2. See what was the conduct of the Edomites towards them when they were in this distress, for which they are here condemned. (1.) They looked with pleasure upon the affliction of God’s people; they stood on the other side (Obad. 1:11), afar off, when they should have come in to the relief of their distressed neighbours, and looked upon them, and their day, looked on their affliction (Obad. 1:12, 13), with a careless unconcerned eye, as the priest and Levite looked upon the wounded man, and passed by on the other side. Those have a great deal to answer for that are idle spectators of the troubles and afflictions of their neighbours, when they are capable of being their active helpers. But this was not all; they looked upon it with a scornful eye, with an eye of complacency and satisfaction; they looked and laughed to see Israel in distress, saying, Aha! so we would have it. They fed their eyes with the rueful spectacle of Jerusalem’s ruin, and looked at it as those that had long looked for it and often wished to see it. Note, We must take heed with what eye we look upon the afflictions of our brethren; and, if we cannot look upon them with a gracious eye of sympathy and tenderness, it is better not to look upon them at all: Thou shouldst not have looked as thou didst upon the day of thy brother. (2.) They triumphed and insulted over them, upbraided their brethren with their sorrows, and made themselves and their companions merry with them. They rejoiced over the children of Judah in the day of their destruction. They had not the good manners to conceal the pleasure they took in Judah’s destruction and to dissemble it, but openly declared it, and rudely and insolently declared it to them; they rejoiced over them, crowed, and hectored, and trampled upon them. Those have the spirit of Edomites that can rejoice over any, especially over Israelites, in the day of their calamity. (3.) They spoke proudly-magnified the mouth (so the word is), against Israel, talked with a great disdain of the suffering Israelites, and with an air of haughtiness of the present safety and prosperity of Edom, as it if might be inferred from their present different state that the tables were turned, and now Esau was beloved, and the favourite of heaven, and Jacob hated and rejected. Note, Those must expect to be in some way or other effectually humbled and mortified themselves that are puffed up and made proud by the humiliations and mortifications of others. (4.) They went further yet, for they entered into the gate of God’s people in the day of their calamity, and laid hands on their substance. Though they did not help to conquer them, they helped to plunder them, and put in for a share in the prey, Obad. 1:13. Jerusalem was thrown open, and then they entered in; its wealth was thrown about, and they seized it for themselves, excusing it with this, that they might as well take it as let it be lost; whereas it was taking what was not their own. Babylon lays Jerusalem waste, but Edom, by meddling with the spoil, becomes particeps criminis—partaker of the crime, and shall be reckoned with as an accessary ex post facto—after the fact. Note, Those do but impoverish themselves that think to enrich themselves by the ruins of the people of God; and those deceive themselves who think they may call all that substance their own which they can lay their hands on in a day of calamity. (5.) They did yet worse things; they not only robbed their brethren, but murdered them, in the day of their calamity; laid hands not only on their substan 54d2 ce, but on their persons, Obad. 1:14. When the victorious sword of the Chaldeans was making bloody work among the Jews many made their escape, and were in a fair way to save themselves by flight; but the Edomites basely intercepted them, stood in the cross-way where several roads met, by each of which the trembling Israelites were making the best of their way from the fury of the pursuers, and there they stopped them: some they barbarously and cowardlike cut off themselves; others they took prisoners, and delivered up to the pursuers, only to ingratiate themselves with them, because they were now the conquerors. They should not have been thus cruel to those that lay at their mercy, and never had done, nor were every likely to do, them any hurt; they should not have betrayed those whom they had such a fair opportunity to protect; but such are the tender mercies of the wicked. One cannot read this without a high degree of compassion towards those who were thus basely abused, who when they fled from the sword of an open enemy, and thought they had got out of the reach of it, fell upon and fell by the sword of a treacherous neighbour, whom they were not apprehensive of any danger from. Nor can one read this without a high degree of indignation towards those who were so perfectly lost to all humanity as to exercise such cruelty upon such proper objects of compassion. (6.) In all this they joined with the open enemies and persecutors of Israel: Even thou wast as one of them, an accessary equally guilty with the principals. He that joins in with the evil doers, and is aiding and abetting in their evil deeds, shall be reckoned, and shall be reckoned with, as one of them.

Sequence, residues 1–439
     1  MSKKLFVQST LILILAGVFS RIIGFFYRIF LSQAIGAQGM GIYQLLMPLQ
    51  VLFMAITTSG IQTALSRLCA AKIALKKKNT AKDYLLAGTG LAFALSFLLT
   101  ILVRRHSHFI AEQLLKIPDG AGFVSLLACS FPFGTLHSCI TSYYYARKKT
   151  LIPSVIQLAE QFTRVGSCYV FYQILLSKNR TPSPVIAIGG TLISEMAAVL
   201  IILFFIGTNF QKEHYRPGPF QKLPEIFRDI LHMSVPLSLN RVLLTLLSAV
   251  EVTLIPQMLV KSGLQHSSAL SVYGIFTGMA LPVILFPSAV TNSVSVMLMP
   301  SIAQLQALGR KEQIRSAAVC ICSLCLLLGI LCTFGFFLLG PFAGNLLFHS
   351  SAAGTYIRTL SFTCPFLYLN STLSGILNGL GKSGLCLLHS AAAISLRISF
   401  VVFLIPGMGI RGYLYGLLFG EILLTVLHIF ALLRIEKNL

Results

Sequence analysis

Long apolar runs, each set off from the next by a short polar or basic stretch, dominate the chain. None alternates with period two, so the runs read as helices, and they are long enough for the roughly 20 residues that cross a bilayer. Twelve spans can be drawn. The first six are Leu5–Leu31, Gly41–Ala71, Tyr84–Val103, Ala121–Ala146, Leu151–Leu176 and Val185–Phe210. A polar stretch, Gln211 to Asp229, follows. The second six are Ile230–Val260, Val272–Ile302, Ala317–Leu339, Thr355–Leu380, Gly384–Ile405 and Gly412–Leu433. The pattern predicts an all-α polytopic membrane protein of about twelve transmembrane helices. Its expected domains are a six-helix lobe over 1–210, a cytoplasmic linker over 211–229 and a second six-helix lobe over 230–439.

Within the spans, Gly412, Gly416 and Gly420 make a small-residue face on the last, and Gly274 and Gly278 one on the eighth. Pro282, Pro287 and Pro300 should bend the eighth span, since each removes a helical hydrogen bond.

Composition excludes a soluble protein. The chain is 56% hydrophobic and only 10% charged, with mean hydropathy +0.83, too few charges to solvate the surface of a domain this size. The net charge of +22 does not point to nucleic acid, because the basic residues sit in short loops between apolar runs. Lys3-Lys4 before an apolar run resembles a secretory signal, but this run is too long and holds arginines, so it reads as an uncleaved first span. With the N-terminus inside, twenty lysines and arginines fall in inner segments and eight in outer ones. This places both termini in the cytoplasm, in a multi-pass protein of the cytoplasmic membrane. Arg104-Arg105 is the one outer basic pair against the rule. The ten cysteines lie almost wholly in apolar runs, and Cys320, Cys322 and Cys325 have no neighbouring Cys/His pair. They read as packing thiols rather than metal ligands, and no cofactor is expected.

II. What the shame is that shall cover them for this violence of theirs. 1. They shall soon find that the cup is going round, even the cup of trembling; and, when they come to be in the same calamitous condition that the Israel of God is now in, they will be ashamed to remember how they triumphed over them (Obad. 1:15): The day of the Lord is near upon all the heathen, when God will recompense tribulation to the troublers of his church. Though judgment begin at the house of God, it shall not end there. This should effectually restrain us from triumphing over others in their misery, that we know not how soon it may be our own case. 2. Their enmity to the people of God, and the injuries they had done them, shall be recompensed into their own bosoms: As thou hast done, it shall be done unto thee. The righteous God will render both to nations and to particular persons according to their works; and the punishment is often made exactly to answer to the sin, and those that have abused others come to be themselves abused in like manner. The just and jealous God will find out a time and way to avenge the wrongs done to his people on those that have been injurious to them. As you have drunk upon my holy mountain (Obad. 1:16), that is, as God’s professing people, who inhabit his holy mountain, have drunk deeply of the cup of affliction (and their being of the holy mountain would not excuse them), so shall all the heathen drink, in their turn, of the same bitter cup; for, if God bring evil on the city that is called by his name, shall those be unpunished that never knew his name? See Jer. 25:29. And it is part of the burden of Edom (Jer. 49:12), Those whose judgment was not to drink of the cup (who had reason to promise themselves an exemption from it) have assuredly drunken, and shall Edom that is the generation of God’s wrath go unpunished? No, thou shalt surely drink of it; the cup of trembling shall be taken out of the hand of God’s people, and put into the hand of those that afflict them, Isa. 51:22, 23. Nay, they may expect their case to be worse in the day of their distress than that of Israel was in their day; for, (1.) The afflictions of God’s people were but for a moment, and soon had an end, but their enemies shall drink continually the wine of God’s wrath, Rev. 14:10. (2.) The dregs of the cup are reserved for the wicked of the earth (Ps. 75:8); they shall drink and swallow down, or sup up (as the margin reads it), shall drink it to the bottom. (3.) The people of God, though they may be made to drink of the wine of astonishment for a while (Ps. 60:3), shall yet recover, and come to themselves again; but the heathen shall drink and be as though they had not been; there shall be neither any remains nor any remembrance of them, but they shall be wholly extirpated and rooted out. So let all thy enemies perish, O Lord! so they shall perish, if the turn not.